Out Trios Volume One
Atavistic ALP146CD

Out Trios Volume Two
Atavistic ALP147CD

Like the dexterity needed for ventriloquism, improvising electro-acoustically often appears to be simpler than it actually is. If you know your instruments, and if you have the right electronic equipment, the reasoning goes, properly mixing and matching the two soundsources to a memorable conclusion shouldn’t be too difficult.

The key word here may be properly, as many less than stellar electro-acoustic CDs attest, and it may also be the reason why neither of these collaborations makes it into the top rank. Similarly, accumulated factors results in one session being notable, while the other, surprisingly, is almost instantly forgettable.

VOLUME TWO of the so-called out trios is the keeper here, while VOLUME ONE falls by the wayside, despite having similar instrumentation and being about the same length. The devil is likely in the differences as well as the details, since the CDs were recorded about one month apart.

Two-thirds of VOLUME ONE’s New York-based musicians have a post-rock background: guitarist Lee Ranaldo from Sonic Youth and bassist Roger Miller from Binary System. Only drummer William Hooker, a partner of veteran free players like violinist Billy Bang and saxophonist Glenn Spearman is a non-rocker. In contrast, VOLUME TWO’s guitarist Jeff Parker and percussionist Michael Zerang have played with just about every free player in Chicago from saxophonists Fred Anderson and Ken Vandermark to drummer Hamid Drake and cornetist Rob Mazurek. Only synthesizer man Kevin Drumm is outside the jazz/improv orbit, but he has still traded licks with Vandermark and others on the scene.

VOLUME TWO is divided into four long tracks providing the trio members with different sections within which they try out various approaches. VOLUME ONE is a single, shade-over-49-minutes track. It was also recorded live in a New York club, an atmosphere that frequently encourages grandstanding and self-indulgence. VOLUME TWO took place in a Chicago recording studio, with seemingly enough time left for reflection and self-examination among the musicians.

Nevertheless you shouldn’t assume that the Chicago trio members have created an electro-acoustic milestone. Only on the final track do they seem to produce something outstandingly musical. Here harmonic keyboard chording, wiggling marimba-like beats and slow-moving guitar fills mesh into a whole that references instrumental virtuosity as much as circuit wizardry.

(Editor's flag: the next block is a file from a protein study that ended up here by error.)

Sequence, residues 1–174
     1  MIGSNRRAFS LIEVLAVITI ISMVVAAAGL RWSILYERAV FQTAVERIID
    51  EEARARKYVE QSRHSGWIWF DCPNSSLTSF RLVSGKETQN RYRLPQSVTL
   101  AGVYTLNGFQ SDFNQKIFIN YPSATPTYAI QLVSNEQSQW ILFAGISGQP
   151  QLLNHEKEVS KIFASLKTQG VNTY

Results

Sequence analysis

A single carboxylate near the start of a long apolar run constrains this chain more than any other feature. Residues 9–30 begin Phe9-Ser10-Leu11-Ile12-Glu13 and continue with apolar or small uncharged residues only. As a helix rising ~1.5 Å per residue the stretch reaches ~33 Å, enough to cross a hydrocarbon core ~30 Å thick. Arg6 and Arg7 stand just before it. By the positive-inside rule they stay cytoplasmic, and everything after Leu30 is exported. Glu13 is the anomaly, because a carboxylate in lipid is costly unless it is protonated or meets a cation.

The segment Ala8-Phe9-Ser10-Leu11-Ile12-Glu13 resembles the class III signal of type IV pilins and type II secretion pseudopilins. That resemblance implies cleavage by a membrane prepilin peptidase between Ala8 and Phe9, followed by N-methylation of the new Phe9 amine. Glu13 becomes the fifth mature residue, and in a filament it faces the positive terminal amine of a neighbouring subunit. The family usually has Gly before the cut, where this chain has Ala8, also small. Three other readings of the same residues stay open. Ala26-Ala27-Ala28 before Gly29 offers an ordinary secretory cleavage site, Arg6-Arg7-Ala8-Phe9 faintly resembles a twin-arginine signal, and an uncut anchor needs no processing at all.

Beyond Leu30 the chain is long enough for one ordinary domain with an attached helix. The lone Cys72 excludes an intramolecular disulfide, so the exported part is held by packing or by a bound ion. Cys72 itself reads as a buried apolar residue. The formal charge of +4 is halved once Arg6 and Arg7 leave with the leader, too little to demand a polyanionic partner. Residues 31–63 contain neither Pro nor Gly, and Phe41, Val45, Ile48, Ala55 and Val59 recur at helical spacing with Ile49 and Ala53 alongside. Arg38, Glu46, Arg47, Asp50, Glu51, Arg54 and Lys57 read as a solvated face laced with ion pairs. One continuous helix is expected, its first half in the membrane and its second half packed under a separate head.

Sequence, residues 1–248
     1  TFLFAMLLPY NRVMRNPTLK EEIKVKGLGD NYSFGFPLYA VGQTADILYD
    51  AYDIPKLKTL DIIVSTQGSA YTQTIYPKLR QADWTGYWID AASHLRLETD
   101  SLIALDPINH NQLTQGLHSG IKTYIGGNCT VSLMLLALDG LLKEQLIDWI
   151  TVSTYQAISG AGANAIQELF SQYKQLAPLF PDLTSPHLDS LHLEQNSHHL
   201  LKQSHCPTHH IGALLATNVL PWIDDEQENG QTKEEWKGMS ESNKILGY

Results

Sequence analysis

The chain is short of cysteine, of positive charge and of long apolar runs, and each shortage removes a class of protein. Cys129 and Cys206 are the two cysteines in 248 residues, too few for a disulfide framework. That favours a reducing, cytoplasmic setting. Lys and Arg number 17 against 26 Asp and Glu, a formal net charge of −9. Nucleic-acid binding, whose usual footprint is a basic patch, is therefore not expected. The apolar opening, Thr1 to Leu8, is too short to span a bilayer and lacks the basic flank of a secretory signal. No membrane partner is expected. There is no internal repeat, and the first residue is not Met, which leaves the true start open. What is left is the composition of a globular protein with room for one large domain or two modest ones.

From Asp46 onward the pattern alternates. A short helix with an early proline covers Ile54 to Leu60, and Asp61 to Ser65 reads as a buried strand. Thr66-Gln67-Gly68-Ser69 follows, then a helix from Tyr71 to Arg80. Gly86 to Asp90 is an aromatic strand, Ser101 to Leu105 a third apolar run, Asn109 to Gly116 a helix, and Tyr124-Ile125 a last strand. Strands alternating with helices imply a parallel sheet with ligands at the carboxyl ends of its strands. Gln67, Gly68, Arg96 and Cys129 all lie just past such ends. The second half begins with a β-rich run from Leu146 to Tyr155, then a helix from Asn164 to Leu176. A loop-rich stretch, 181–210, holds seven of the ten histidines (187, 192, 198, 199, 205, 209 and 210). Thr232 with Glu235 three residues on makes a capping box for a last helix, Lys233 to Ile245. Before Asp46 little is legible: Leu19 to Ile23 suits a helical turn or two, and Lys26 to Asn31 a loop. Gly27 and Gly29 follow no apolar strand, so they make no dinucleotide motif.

However, too many of the tones on other tracks appear to be there precisely because they can be mechanically generated. The novelty of crackling static, bubbling squeaks and oscillating burps pales after a while. And although it’s fascinating to speculate, for instance whether it’s Zerang’s dumbek or some other percussion trickery that’s creating what sounds like a metal comb being dragged across a hard surface, or if it’s a whack on an aluminum pie plate, one could be a satisfied with customary percussive textures. Hammering away at his drum tops as if they were anvils, Zerang’s able to shape rumbles, rattles and bangs into identifiable percussion color that link to the others’ output.

These include Parker using his distortion pedal to reverberate Hendrixian guitar runs and surf band rumbles that finally reconfigure as descending flat-picking. Or when the guitar feedback finally defines itself as a product of flailing guitar tones, rather than the sort of oscillating squeaks and chirrups that could arrive with a video game.

Drumm’s contributions are presumably those futuristic industrial noises and heavily mechanized sine waves that add burbling whistles, beeps and static to the proceedings. Sometimes these dense drones catapult across the soundfield in such a way that they suggest a laptop booting up, an car motor turning over, or a jackhammer.

With their rock-associated instrumentals, Hooker, Miller and Renaldo, on the other hand, sometimes seem as if they’re recreating Mike Bloomfield and Al Kooper’s 1968’s SUPER SESSION. The main difference appears when Miller feeds pre-recorded samples of a child crying and a woman complaining to a call-in host to the audio mix. But this respite seems to spur Hooker to intensify his already near-overpowering drumming and the other two to come up with distorted lead guitar feedback and a swaying electric bass line.

Before this, stuttering guitar chords, whistling amps and bass drum pummeled with enough strength to hammer railway ties, have been recurring leitmotifs. Rumbling bass lines, some tambourine color and a few vocal cries also are more upfront than any reflecting loops or irregular buzzes created by the electro-acoustic equipment.

Calmer, quieter tones predominate after the auditory samples as well as a few seconds of silence. But even then the heavy metal echoes don’t so much abate as become more diffuse and ghostly until the rumbles and shuffles fade away.

Describing either of these bands as out trios depends on your point of view. Whatever you call them, more electronic aptitude would appear to be necessary so that the members, not the machines are in full control.

— Ken Waxman

Track Listing: One: Monsoon

Personnel: One: Lee Ranaldo (guitar, effects and small devices); Roger Miller (bass with electronics and loops, guitar, samples through keyboard); William Hooker (drums)

Track Listing: Two: 1. 15:52 2. 6:45 3. 12:38 4. 10:17

Personnel: Two: Jeff Parker (guitar and analog synthesizer); Kevin Drumm (guitar, effects and synthesizer); Michael Zerang (drums, percussion and autoharp)